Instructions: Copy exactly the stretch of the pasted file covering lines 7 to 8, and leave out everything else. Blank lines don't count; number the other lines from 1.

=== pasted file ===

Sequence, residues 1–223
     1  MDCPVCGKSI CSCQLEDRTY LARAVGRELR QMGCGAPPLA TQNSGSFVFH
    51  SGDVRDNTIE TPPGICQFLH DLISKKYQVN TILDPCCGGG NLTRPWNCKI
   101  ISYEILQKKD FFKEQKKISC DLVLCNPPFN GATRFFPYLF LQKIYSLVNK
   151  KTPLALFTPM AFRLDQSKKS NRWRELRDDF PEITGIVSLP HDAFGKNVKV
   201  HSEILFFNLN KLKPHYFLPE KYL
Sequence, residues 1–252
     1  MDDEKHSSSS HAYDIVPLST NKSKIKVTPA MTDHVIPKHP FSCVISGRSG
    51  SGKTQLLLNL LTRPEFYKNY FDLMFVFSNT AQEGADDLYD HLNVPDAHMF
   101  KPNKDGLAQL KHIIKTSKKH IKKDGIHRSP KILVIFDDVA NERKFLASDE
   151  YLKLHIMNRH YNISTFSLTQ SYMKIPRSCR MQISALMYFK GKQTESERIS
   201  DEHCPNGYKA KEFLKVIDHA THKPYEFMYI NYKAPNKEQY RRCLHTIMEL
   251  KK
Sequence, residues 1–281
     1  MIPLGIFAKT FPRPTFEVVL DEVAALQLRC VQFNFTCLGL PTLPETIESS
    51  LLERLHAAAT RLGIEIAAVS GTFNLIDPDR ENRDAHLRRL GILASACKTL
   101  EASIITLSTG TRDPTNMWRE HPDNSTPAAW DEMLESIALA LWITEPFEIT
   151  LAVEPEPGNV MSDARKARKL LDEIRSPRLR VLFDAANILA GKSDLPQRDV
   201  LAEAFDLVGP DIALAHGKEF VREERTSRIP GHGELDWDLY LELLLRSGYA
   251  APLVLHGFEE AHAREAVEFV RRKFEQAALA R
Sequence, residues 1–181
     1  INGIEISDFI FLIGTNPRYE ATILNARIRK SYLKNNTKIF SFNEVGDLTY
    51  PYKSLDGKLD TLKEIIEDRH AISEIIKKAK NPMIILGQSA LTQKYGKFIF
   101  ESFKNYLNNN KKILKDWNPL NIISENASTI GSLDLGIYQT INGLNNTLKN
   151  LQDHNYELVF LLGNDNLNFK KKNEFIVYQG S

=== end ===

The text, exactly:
Sequence, residues 1–252
     1  MDDEKHSSSS HAYDIVPLST NKSKIKVTPA MTDHVIPKHP FSCVISGRSG